DESCRIPTION OF THE DRAWING FIG. 1 is a fragmentary longitudinal cross-sectional view through a current limiting fuse embodying the invention;
FIG. 2 is a view taken on line 2-2 of FIG. 1; and FIG. 3 shows the porous material member used in forming the gap between main and auxiliary fusible elements.
DESCRIPTION OF THE PREFERRED EMBODIMENT In the drawings, FIG. I shows a current limiting fuse structure with a housing 10 which surrounds the central longitudinally extending core or spider 26 with a main fusible element 36 and auxiliary fusible element 41 wound thereon. Housing 10 may be constructed of suitable insulating material such as glass fiber impregnated with epoxy resin, glass, or fiber.
Spider 26 may be of inert material such as porcelain, but it is constructed preferably of an electrical insulating material adapted to evolve gas in the presence of an are, as is described in U. S. Pat. No. 3,437,971. FIG. 2 shows the preferred cross-sectional view of spider 26 as generally star-shaped. However, other cross-sectional shapes, such as rectangular or circular, may be used for spider 26.
Spider 26 has two equal segments designated as A" and B that are joined by a suitable inorganic refractory cement 27. A suitable cement is sold commercially and designated with the trademark SAUEREISEN. This cement cures to become a ceramic-like material and fulfills the requirement that no carbon be present to create tracking surfaces which interfere with the operation of the fuse.
Various voltage ratings, such as 8.3 KV, 15.5 KV, 27 KV, 38 KV and others are obtained by varying the number of segments joined end to end. While standardization of parts favors use of segments of equal length, the number and length of segments will vary according to the rating of the fuse and the need for a spider with precise linear alignment. In other words, it has been found also that this segmented spider eliminates any problem of camber in the spider.
A pin 28 may be used to align segments A and B prior to the application and curing of the cement 27. This will ensure formation of a continuous helix on which the fusible elements 36 and 41 may be wound, as will be described hereinafter.
Spider 26 is joined to metallic end pieces 11 by an epoxy adhesive 24 or other suitable sealing material. Housing 10 is joined to metallic end pieces 11 also with an epoxy seal 12 or other suitable sealing material. Housing 10 is sufficiently rigid to give support to the entire internal structure. The space between housing 10 and the spider 26 is filled with a granular inert or refractory material 55 of high dielectric strength such as sand or finely divided quartz. This material 55 serves to isolate the fusing action of elements 36 and 41 from the environment outside of housing 10, as is well known to those skilled in the fuse art.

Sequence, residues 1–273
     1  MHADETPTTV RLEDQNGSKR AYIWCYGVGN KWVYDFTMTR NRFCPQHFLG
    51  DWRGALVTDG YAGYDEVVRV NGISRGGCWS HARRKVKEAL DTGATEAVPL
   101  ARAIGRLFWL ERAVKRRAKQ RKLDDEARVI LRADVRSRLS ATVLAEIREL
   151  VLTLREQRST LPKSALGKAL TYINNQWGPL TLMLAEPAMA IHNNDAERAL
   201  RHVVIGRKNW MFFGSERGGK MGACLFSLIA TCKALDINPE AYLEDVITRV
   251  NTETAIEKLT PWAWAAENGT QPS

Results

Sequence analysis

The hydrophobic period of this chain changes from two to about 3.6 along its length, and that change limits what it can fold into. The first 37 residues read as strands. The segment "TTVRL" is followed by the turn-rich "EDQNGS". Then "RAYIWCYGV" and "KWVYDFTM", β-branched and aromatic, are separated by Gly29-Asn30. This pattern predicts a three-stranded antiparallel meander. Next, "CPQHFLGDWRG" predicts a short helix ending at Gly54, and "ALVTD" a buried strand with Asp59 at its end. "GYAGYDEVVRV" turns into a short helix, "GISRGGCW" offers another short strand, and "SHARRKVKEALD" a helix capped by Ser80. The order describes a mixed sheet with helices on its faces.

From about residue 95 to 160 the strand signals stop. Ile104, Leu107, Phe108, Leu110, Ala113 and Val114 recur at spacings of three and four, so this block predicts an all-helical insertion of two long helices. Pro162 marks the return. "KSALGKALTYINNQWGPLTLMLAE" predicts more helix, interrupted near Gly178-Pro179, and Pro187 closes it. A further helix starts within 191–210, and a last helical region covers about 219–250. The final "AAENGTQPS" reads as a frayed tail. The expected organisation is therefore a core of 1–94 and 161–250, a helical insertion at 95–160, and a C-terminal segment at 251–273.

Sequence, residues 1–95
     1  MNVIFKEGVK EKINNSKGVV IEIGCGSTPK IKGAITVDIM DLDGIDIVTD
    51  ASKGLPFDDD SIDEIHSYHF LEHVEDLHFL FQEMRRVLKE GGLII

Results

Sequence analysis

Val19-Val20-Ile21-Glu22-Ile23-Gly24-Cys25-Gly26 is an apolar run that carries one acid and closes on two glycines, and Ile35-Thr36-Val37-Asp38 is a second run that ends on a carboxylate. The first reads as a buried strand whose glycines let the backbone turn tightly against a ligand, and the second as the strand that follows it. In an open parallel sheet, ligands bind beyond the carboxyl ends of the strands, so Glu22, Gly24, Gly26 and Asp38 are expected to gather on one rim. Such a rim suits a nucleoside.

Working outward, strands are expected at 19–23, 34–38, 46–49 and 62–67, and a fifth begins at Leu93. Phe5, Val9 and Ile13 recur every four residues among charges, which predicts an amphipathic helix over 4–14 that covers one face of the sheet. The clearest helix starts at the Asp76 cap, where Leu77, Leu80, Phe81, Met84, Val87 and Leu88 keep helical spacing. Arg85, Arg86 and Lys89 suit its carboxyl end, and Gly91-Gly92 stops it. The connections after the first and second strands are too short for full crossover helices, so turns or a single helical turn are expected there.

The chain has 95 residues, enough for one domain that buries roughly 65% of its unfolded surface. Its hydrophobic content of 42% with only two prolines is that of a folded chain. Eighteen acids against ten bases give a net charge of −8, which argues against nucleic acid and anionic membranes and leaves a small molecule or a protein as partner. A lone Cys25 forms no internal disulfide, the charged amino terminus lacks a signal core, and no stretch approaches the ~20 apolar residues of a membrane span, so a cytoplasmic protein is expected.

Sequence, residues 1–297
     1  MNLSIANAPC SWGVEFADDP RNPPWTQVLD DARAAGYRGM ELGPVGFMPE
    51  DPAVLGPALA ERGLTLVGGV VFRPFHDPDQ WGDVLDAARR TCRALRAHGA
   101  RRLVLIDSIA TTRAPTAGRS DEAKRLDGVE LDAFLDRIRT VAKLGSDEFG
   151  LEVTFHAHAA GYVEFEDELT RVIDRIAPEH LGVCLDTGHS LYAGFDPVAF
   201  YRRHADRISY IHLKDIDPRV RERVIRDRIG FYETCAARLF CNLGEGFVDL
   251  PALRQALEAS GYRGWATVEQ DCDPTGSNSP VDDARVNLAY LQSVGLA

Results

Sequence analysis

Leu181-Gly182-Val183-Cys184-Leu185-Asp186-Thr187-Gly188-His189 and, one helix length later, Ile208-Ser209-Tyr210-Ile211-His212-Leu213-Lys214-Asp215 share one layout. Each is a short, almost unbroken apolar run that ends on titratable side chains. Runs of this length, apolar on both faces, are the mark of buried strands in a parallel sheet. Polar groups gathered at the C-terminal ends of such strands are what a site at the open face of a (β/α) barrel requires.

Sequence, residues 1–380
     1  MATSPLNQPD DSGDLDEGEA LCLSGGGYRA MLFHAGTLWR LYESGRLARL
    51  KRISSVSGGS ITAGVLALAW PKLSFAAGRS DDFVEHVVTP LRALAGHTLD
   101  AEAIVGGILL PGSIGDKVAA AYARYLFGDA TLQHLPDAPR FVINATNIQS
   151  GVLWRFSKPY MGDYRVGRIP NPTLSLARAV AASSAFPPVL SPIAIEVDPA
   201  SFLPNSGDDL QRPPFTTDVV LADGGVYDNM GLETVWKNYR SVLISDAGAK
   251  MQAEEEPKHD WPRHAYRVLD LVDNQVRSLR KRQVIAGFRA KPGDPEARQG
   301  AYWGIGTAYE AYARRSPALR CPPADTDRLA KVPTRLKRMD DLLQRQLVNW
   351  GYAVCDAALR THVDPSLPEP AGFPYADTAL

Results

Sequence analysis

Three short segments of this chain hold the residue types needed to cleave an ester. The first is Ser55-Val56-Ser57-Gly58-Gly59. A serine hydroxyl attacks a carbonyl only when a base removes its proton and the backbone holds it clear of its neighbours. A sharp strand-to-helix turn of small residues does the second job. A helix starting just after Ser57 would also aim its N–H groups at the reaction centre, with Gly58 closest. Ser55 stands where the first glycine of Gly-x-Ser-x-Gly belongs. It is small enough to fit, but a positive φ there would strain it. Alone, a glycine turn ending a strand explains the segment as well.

Main fusible element 36 is wound helically on raised shoulders 34 formed on spider 26. This main element 36 may be formed of single or multiple wires or bands formed of silver or other material well known to those skilled in the art. FIG. I shows the use of two parallel bands for element 36 while other designs have used five ribbons in parallel.
The ends of main element 36 are fastened to terminals 38 which are attached to conductive end pieces 11 that are connected into an electrical circuit (not shown).
An auxiliary fusible element 41 is wound helieally on depressions 33 formed into the spider 26.
This auxiliary element 41 may be single or multiple wires or ribbons of silver or copper material. Normally, auxiliary element 41 has a lower, melting current characteristic than the main element 36. The operating sequence for a fuse with main and auxiliary fuse elements is discussed thoroughly in U. S. Pat. No. 3,243,552, mentioned above. Ends of auxiliary element 41 are attached to conductive metallic clips or electrodes 45 fastened to the spider 26. At least one clip 45 is separated from the main fuse elements 36 by the thickness of a porous insulating member or tape 46. FIGS. '1 and 2 illustrate the positions for clip 45, tape 46 and main element 36. It has been found that an unfilled glass fiber tape of approximately 0.003 inch to 0.005 inch thickness provides an ideal minimum gap between main fusible element 36 and metallic clip 45. Some resinous material may be added to the tape to provide rigidity as long as the porosity is not afi'ected. FIG. 3 i!- lustrates this type of porous tape 46. This provides a precise means for switching in the auxiliary fusible element 41 for low fault current clearing.
An indicator wire assembly 47, not shown in detail, extends through the center of spider 26 and activates an indicator button 48 after the fuse has blown.